Home Fitness Data from existing wireless networks can pinpoint potential hotspots — ScienceDaily

Data from existing wireless networks can pinpoint potential hotspots — ScienceDaily



In the battle towards COVID-19, researchers at Colorado State University have developed a brand new, non-invasive technique to determine areas at best threat for spreading the illness.

Led by Electrical and Computer Engineering Professor Edwin Chong, the crew is drawing on knowledge from present mobile wi-fi networks to pinpoint potential hotspots for elevated viral transmission.

Their approach, detailed in a paper revealed this month within the IEEE Open Journal of Engineering in Medicine and Biology, may assist areas handle dangers to keep away from situations just like the current outbreak in New York City, the place the virus inflicted devastation on some of the densely populated areas within the nation.

Coronavirus and crowds

Knowing that COVID-19 is definitely unfold by people in shut proximity, Chong and his crew developed a technique that helps them determine essentially the most crowded areas with hustle and bustle, resembling a metropolis middle, the place asymptomatic carriers have the next likelihood of coming into shut contact with massive numbers of wholesome individuals.

Because virtually everybody carries a cellular phone these days, they goal to grasp how cellular gadget customers transfer and collect over time in an space by leveraging what are referred to as handover and cell (re)choice protocols — the mobile community applied sciences that enable us to maneuver about freely with our cellular units with out dropping service. Using knowledge collected by way of these networks, Chong’s crew measures handover and cell (re)choice exercise, referred to as HO/CS charges, to calculate localized inhabitants density and mobility. Offering real-time updates, the info enable them to flag at-risk areas for additional monitoring. Their technique builds on the premise that the upper the HO/CS charges, which suggests increased density and mobility, the upper the chance of spreading infectious ailments.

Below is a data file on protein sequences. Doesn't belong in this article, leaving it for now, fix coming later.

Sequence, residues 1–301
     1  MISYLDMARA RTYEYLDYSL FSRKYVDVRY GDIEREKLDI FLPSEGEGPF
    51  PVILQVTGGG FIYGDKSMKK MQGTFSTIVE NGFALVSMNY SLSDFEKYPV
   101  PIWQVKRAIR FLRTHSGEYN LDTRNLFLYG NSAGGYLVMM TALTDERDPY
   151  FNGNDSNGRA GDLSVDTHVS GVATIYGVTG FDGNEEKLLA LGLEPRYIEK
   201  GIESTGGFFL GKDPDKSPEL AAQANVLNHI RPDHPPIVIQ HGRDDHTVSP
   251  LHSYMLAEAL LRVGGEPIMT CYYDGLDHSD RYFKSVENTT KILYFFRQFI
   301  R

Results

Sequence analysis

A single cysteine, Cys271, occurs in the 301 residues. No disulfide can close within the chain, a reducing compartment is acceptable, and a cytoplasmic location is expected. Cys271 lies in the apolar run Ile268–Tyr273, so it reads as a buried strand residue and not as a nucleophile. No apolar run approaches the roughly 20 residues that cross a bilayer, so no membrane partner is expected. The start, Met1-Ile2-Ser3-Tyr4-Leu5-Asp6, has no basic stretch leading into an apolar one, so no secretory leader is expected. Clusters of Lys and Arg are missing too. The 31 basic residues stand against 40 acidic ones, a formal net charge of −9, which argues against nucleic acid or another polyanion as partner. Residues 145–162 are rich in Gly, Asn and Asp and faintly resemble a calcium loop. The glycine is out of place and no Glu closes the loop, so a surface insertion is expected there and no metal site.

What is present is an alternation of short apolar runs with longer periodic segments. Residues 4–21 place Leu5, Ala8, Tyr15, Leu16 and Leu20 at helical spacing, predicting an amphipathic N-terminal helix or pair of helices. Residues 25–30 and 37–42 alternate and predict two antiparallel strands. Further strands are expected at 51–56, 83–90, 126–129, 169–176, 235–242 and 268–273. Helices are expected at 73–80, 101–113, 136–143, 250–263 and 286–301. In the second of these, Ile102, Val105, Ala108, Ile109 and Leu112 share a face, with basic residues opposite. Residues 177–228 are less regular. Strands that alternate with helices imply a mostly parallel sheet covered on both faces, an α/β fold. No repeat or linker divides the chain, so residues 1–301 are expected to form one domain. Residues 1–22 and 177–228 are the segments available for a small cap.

“Our findings could help risk managers with planning and mitigation,” mentioned Chong, a number one researcher in mobile wi-fi networks who has experience in threat administration. “It might prompt them to cordon off a busy plaza, for example, or implement stricter social distancing measures to slow the spread of the virus.”

Chong mentioned their strategy may be used to estimate the proportion of individuals staying house to find out whether or not communities are following really useful public well being insurance policies.

Protecting safety and privateness

While Chong refers to cellular units as “always-on human trackers,” he’s delicate to and anxious with privateness and safety points. Unlike contact tracing functions which can be typically tough to deploy and require widespread adoption, his strategy protects the privateness and anonymity of people without having energetic participation from gadget customers.

“Our method overcomes the downsides of contact tracing apps,” Chong mentioned. “All we have to do is perform the measurements using anonymous data that is already being collected for other reasons. We are not tracking individuals.”

As the nation steps up efforts to plan for future outbreaks, Chong mentioned their approach has functions past COVID-19. “It can help with other epidemiological risks, such as the flu. Regardless of the disease, it’s very important to have tools that help risk managers focus and prioritize to protect our citizens,” he mentioned.

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Materials offered by Colorado State University. Original written by Andrea Leland. Note: Content could also be edited for fashion and size.


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